At Curator we believe that everyone can benefit from creativity and enjoy great works of art. Sometimes it’s easy to feel that art is something “someone else” buys, and plenty of people in the art world like to maintain that air of exclusivity. But it’s time to put a few myths of the art world to sleep for good…
1. “Art isn’t for me… I don’t understand it”
The amazing thing about art is that it’s actually very accessible – you really don’t need an art history degree to appreciate something that’s beautiful, something that makes you sad, or something that just makes you want to look closer.
Does it really matter if you don’t get the original intention of a piece, or know the entire context of its creation? Of course not – the most important thing is that a piece of art speaks to you and that you take something, anything, away from it. If you love a particular image, the most important meaning it has, is the one it has to you. Sadly, the art world at large could do a lot more to make the industry more inclusive.
2. “You have to spend a lot to start collecting art”
Not true! You can find amazing original pieces from well respected artists for just a few thousand pounds and limited edition prints for just a few hundred.
If you’re just starting out, or on a strict budget, then look out for work from lesser-known artists or recent graduates who still produce great works of beauty that could fit perfectly in your home or office. They will really appreciate the time you’ve taken to seek out their work!
The point about owning art is to buy work that you’re in love with – it doesn’t have to cost you a fortune. You can still get something unique within a budget – it just takes a little imagination and some searching.
3. “My house is too small to even think about hanging art”
Big or small, personalising your living space is one of the great joys of life.
You might read about conventions for displaying art on your wall, but your home isn’t a public viewing space – it’s a place that you relax, have fun, eat, sleep, and where you can just enjoy time with the friends and family – forget about conventions and just make the space your own!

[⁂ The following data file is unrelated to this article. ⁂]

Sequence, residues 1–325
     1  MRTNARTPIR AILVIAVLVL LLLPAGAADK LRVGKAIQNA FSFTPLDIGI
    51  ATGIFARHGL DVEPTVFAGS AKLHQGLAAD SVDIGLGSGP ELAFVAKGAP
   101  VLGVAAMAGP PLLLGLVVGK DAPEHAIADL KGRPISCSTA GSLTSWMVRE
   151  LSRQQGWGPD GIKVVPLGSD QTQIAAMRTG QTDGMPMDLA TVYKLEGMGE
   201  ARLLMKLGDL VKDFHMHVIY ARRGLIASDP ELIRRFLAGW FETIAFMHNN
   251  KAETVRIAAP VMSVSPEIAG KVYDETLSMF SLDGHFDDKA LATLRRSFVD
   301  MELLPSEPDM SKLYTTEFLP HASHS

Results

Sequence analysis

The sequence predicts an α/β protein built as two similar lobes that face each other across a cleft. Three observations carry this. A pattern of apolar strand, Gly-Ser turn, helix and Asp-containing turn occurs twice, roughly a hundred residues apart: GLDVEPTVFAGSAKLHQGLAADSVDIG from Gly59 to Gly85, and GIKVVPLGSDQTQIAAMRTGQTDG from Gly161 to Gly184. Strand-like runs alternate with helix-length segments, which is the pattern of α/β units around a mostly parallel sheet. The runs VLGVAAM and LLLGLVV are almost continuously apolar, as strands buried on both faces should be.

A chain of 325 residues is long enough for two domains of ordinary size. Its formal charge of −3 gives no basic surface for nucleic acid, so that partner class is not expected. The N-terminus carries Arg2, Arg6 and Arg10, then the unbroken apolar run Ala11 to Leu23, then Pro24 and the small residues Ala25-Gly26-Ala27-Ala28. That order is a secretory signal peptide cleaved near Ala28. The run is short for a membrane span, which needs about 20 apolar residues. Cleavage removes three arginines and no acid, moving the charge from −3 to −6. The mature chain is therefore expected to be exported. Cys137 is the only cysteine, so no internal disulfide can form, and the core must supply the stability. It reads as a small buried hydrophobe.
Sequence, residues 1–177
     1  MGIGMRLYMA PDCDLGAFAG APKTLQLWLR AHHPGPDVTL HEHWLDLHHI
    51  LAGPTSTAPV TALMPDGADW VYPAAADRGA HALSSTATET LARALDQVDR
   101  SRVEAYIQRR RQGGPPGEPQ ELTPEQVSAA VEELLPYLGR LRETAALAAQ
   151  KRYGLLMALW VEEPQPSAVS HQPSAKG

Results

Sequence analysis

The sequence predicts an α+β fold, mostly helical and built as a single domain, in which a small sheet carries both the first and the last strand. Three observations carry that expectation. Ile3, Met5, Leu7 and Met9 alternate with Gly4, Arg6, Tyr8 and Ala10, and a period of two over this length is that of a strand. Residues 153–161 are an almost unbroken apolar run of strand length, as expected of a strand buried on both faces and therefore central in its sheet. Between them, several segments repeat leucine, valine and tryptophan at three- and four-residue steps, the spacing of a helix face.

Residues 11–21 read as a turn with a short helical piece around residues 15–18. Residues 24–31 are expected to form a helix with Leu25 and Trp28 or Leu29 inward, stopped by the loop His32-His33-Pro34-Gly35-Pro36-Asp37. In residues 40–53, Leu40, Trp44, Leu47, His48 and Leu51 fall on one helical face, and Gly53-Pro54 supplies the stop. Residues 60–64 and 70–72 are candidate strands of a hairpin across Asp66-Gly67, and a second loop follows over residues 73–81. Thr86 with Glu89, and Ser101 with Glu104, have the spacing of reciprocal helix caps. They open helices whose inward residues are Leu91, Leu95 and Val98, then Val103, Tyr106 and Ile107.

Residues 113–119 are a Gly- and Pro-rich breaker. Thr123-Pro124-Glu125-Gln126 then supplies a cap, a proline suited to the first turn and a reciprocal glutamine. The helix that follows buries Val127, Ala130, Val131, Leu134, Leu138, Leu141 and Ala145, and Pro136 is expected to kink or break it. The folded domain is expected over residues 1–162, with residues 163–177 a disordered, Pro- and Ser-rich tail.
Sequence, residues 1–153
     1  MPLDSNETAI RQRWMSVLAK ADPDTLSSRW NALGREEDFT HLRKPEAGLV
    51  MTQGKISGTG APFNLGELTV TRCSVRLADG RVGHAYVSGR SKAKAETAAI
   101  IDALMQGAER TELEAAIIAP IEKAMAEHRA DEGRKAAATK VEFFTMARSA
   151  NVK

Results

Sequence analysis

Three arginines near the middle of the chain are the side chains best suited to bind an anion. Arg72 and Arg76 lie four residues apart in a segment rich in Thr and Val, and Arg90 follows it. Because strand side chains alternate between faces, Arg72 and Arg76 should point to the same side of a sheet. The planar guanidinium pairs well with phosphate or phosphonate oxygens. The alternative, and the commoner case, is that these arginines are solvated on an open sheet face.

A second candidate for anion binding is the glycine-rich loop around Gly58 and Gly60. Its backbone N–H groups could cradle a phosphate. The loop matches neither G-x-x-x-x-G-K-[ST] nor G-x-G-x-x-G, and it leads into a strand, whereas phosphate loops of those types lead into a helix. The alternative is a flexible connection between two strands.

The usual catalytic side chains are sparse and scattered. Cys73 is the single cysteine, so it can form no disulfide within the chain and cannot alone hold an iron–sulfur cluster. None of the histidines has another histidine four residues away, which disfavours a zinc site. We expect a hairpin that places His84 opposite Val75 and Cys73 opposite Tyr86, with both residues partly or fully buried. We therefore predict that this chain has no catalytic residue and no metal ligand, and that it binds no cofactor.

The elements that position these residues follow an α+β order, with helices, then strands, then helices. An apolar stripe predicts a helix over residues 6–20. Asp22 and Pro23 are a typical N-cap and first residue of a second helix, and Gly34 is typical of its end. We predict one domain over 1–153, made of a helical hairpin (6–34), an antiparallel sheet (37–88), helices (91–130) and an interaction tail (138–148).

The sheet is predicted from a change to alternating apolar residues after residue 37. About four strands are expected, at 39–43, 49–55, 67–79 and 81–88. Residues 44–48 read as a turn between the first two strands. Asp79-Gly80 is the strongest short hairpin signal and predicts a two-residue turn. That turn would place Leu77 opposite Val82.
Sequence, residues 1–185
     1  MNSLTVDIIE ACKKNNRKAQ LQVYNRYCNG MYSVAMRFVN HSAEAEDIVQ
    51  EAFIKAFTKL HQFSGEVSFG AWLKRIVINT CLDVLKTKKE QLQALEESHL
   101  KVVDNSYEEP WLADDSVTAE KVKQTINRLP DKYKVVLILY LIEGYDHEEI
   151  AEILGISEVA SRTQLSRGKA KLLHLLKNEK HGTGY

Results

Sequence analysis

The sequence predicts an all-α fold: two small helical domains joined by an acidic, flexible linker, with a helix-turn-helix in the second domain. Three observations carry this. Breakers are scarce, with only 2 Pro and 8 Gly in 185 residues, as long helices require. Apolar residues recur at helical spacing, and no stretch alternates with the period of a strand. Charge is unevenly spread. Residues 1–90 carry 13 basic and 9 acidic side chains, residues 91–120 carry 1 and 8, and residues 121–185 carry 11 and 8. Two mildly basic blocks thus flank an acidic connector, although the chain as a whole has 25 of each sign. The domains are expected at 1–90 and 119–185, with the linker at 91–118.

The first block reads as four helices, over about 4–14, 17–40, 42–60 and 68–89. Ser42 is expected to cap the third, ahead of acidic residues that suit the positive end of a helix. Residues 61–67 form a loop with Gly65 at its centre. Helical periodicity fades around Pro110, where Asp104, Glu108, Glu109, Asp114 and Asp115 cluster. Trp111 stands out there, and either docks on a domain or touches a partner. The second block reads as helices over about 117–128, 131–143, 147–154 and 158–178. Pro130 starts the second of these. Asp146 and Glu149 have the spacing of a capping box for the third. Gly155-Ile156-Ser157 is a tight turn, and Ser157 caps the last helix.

Art doesn’t have to be huge either, there are plenty of smaller pieces out there that can add depth and emotion to any wall.
4. “It’s hard to work out if I’m paying the right amount for a piece of art”
The days of being swamped by sales people in highstreet galleries, sadly, is not over just yet. But that doesn’t mean you can be fooled!
The internet is your best friend with pretty much every purchasing decision possible, and art is no different. Google the artist’s name and title of a specific piece you like in order to read up on the artist themselves, see the context of a piece, or see if (in the case of Limited Edition Prints) it’s for sale anywhere else for less. If you’re buying original, search online to see how other pieces from the same artist are priced elsewhere as a point of comparison.
Don’t be pressured by a hard-sell, take your time, go away and read up, maybe even give it a day or two to think on it, then come back and make your buying decision.
5. “I can’t spend money on art during a recession”
Obviously we won’t advocate spending money you had originally budgeted for food or rent on art – but you should genuinely consider the benefits of buying art against other purchases.
A great piece of art is going to be around for a lifetime (at least) and you’ll probably look at it slightly differently every day. So will your family, visitors to your home, and whoever you eventually pass it on to. Considering its longevity, art can be a very cost-efficient purchase, compared to say a cinema visit that might cost you £8-10 for just over an hour of entertainment, or a games console that works for just 2-3 years before it’s superseded.
Thinking about art is just a part of considering your home surroundings. Money is rarely better spent than making your living space more pleasurable to be in. After all, you spend a LOT of your time in it (if only the office had such beautiful walls).
Last but not least, spending on art doesn’t always mean that money is lost. Often, great art will retain its value or increase in value over time – meaning it can be an investment rather than an expense. Obviously this isn’t always the case though, so if you buy, make sure it’s something you love rather than purely for a potential return.